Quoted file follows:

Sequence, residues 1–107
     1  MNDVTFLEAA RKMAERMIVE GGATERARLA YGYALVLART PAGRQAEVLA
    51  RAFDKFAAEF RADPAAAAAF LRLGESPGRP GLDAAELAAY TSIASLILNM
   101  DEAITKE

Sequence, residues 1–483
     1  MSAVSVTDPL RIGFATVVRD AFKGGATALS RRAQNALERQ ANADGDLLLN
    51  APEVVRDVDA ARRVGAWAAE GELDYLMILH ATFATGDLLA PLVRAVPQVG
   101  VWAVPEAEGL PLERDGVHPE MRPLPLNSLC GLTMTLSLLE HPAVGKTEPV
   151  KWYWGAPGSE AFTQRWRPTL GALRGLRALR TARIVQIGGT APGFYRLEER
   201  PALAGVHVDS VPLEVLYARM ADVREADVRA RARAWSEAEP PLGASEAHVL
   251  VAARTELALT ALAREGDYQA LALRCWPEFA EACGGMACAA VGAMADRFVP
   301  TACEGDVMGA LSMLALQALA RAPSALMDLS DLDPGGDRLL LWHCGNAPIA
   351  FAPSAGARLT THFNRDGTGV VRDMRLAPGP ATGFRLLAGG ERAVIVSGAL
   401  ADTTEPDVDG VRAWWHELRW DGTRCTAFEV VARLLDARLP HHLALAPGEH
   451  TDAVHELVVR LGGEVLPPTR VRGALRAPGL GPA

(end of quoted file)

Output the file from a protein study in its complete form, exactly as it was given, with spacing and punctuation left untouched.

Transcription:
Sequence, residues 1–107
     1  MNDVTFLEAA RKMAERMIVE GGATERARLA YGYALVLART PAGRQAEVLA
    51  RAFDKFAAEF RADPAAAAAF LRLGESPGRP GLDAAELAAY TSIASLILNM
   101  DEAITKE

Sequence, residues 1–483
     1  MSAVSVTDPL RIGFATVVRD AFKGGATALS RRAQNALERQ ANADGDLLLN
    51  APEVVRDVDA ARRVGAWAAE GELDYLMILH ATFATGDLLA PLVRAVPQVG
   101  VWAVPEAEGL PLERDGVHPE MRPLPLNSLC GLTMTLSLLE HPAVGKTEPV
   151  KWYWGAPGSE AFTQRWRPTL GALRGLRALR TARIVQIGGT APGFYRLEER
   201  PALAGVHVDS VPLEVLYARM ADVREADVRA RARAWSEAEP PLGASEAHVL
   251  VAARTELALT ALAREGDYQA LALRCWPEFA EACGGMACAA VGAMADRFVP
   301  TACEGDVMGA LSMLALQALA RAPSALMDLS DLDPGGDRLL LWHCGNAPIA
   351  FAPSAGARLT THFNRDGTGV VRDMRLAPGP ATGFRLLAGG ERAVIVSGAL
   401  ADTTEPDVDG VRAWWHELRW DGTRCTAFEV VARLLDARLP HHLALAPGEH
   451  TDAVHELVVR LGGEVLPPTR VRGALRAPGL GPA